Man Makers Mondays with Nick Potash
Artist, sculptor, jewelry designer, surfer, motorcycle enthusiast and over-all badass is one of the modern day makers that blows my mind. Some artists blow one's mind on a larger scale and this maker leaves a lasting impression with his precision and minute detail. Meet Nicholas Potash, today's Man Maker. When it comes to skill, Nick nails it. I've obsessively awed at his lighters, diamond encrusted pendants and scrimshaw necklaces in length. It's easy for one to covet his work and collect it. "Bespoke" and "Heirloom" are the most accurate word for his creations. From the first introduction, I knew there would be a lineage associated with his art, from generation to generation adoring the adornments. His work has been a staple of some of the most respected off the beaten path jewelry stores out there including Fiat Lux in San Francisco , Esqueleto in Oakland and Love Adorned in New York. I also spied his name linked to an article in Forbes Magazine, well done Nick. I'm thrilled that this old world style of craftsmanship and artistry is still present today, meeting the needs of rough riders on motorcycles and jewelry connoisseurs alike. Below is his interview.
What is your brand/name:
Nick Potash, I've been using the moniker Bad Weather to make art since 2009.
What is your heritage:
My dad's family is from Queens, NY via Austria/Poland, my mom's side is from La Jolla, CA via Japan. Both sides immigrated to the US in the 1800's
What are 3 reference points of inspiration for your work:
Every previous generation of craftsmen, I look to them for guidance and try my hardest to carry on old traditions and keep the torch of knowledge lit in my little corner or the world. Firearms engravers of Europe, sword fitting masters of Japan, my mother and father's commitment to handmade craft and simple living.
What are 3 skills you've learned in representing yourself as an artist:
- Don't compare yourself to others,
- Always try to feel that "If I die tomorrow I'll be happy with my work", this guiding philosophy makes sure that everything leaving my hands has passed my scrutiny....
- The last cliche "Be your harshest critic and your greatest advocate"
What are 3 skills you believe are a necessity to be an independent artist/designer?
Work ethic, peace in solitude, one is never done learning
What moved you to make with your hands:
They are me, the only thing I can count on, they pack up easy and I can take them with me wherever I go :) I try to do all I can to limit my interactions with my computer.
If you could travel anywhere today, where would you travel and why:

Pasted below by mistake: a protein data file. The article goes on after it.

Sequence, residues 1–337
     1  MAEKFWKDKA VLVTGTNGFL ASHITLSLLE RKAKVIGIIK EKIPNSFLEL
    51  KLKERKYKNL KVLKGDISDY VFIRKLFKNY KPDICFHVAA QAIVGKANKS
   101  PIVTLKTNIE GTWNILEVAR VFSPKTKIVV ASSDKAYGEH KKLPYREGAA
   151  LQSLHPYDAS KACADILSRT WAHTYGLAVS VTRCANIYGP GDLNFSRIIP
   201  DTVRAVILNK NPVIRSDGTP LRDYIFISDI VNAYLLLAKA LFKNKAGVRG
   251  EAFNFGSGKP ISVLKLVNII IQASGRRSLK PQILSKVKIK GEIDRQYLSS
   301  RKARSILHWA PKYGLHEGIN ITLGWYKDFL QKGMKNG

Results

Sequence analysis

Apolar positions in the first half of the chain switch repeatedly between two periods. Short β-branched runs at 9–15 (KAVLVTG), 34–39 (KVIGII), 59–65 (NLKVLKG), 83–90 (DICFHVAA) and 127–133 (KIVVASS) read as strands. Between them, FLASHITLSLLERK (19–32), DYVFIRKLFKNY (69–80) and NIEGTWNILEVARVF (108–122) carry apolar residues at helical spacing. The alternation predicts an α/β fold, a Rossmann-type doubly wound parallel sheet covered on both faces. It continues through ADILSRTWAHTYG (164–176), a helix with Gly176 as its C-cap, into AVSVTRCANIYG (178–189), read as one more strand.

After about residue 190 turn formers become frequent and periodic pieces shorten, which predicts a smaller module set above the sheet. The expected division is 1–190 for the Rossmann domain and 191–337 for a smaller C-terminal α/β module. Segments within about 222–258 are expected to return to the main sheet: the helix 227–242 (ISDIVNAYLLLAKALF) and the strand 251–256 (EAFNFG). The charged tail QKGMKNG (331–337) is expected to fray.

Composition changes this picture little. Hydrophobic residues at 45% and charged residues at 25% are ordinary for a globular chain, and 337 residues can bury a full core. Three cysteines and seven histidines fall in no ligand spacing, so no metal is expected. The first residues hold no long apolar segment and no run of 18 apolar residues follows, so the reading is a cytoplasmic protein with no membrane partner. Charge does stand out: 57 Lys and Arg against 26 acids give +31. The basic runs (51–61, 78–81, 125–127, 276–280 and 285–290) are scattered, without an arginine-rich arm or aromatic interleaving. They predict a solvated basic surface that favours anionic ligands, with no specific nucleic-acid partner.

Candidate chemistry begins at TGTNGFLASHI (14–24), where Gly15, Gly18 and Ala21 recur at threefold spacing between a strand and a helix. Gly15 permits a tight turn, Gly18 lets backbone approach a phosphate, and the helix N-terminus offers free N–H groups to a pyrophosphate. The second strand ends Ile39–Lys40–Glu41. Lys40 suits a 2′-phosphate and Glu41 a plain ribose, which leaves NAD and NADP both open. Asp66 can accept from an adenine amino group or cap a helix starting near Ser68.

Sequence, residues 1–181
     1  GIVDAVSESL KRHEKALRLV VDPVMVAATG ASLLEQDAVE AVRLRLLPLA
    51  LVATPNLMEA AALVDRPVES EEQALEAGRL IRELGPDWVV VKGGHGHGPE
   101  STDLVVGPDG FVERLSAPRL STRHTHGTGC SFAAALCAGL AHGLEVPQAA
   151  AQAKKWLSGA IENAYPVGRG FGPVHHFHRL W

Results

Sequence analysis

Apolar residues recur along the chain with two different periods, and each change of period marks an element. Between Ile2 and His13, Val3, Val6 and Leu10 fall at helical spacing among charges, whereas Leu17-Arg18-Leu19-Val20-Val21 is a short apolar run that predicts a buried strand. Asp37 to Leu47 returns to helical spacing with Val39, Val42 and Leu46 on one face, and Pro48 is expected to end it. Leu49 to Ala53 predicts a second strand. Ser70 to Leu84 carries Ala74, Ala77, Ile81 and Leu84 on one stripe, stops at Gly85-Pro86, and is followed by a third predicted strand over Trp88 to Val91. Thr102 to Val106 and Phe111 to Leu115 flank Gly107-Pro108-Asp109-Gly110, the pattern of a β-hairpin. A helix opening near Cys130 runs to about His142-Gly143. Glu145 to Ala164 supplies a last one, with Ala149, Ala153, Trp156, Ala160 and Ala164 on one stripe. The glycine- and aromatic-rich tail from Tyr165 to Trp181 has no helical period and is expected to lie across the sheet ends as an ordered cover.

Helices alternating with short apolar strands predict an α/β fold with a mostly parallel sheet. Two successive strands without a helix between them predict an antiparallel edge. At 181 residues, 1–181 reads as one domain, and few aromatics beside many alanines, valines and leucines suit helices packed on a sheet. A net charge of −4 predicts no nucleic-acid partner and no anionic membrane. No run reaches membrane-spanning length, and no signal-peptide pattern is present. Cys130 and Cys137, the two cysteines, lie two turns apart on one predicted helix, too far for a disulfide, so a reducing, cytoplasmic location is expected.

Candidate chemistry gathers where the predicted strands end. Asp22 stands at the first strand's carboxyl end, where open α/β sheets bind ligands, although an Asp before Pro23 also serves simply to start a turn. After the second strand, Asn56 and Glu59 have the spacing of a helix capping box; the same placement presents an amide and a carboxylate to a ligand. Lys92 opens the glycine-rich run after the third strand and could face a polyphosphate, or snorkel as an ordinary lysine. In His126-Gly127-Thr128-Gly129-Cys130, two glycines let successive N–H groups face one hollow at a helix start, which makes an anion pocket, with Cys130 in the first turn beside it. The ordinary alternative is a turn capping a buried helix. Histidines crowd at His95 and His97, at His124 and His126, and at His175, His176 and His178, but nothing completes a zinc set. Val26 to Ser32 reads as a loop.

New Zealand, for the pristine nature, the green, the abundance of natural resources, to live how my grandparents lived, off the land and sea, I think is still possible there. I don't like crowds and I love eating lamb haha... and there are good waves, I've lived near the ocean all my life but it's hard to find someplace coastal with beauty and surf and have it be unspoiled by new money and consumerism.
3 Favorite songs at the moment:
- The swimming song - Loudon Wainwright
- 4am at Toumani's - Mali Music
- Blue elvis - Peals
- Apollo's Mood - The Olympians.... there are a bunch, but those are some I've come across recently, mellow stuff these days
What advice would you offer your fellow female makers? What business advice?
Hmmmmm..... Believe in yourself and get to work, I think a woman who knows how to use her hands and has skills to boot is a truly beautiful thing, always has been and seems to be a trait that is losing traction in lots of demographics. please keep it alive. Set yourself apart with your work, its a long, hard, self motivated road to proficiency but once you're there its queen of the castle rule and you will be admired and sought after. Let the work speak first.
What advice would your 65 year old self to you today?
What change would you most like to see in the world?
A self reflective halt to "progress" ...before we take another step we should evaluate if we are heading in the right direction.
Any additional thoughts on the importance of artisanal/handmade goods in a fast pace Western World?
For me it just comes down to doing what I love and using my hands and learning, learning always, learning about the old ways and the exciting nail biting stressful beautiful things that come from that pursuit, failures and all. Beyond that is the fact that the modern world thinks little about how and where the things they consume come from, if you can contribute at all to combating that blind consumerism that is tremendous and if we all tried to do that this would be a much different world. Less disposable more bespoke. :)
Post Script, these are his watch bands. What artistry is sculpted into a tool that tells time by a man that takes his time bringing forth his craft!
Find Nick on IG: @Thebadweather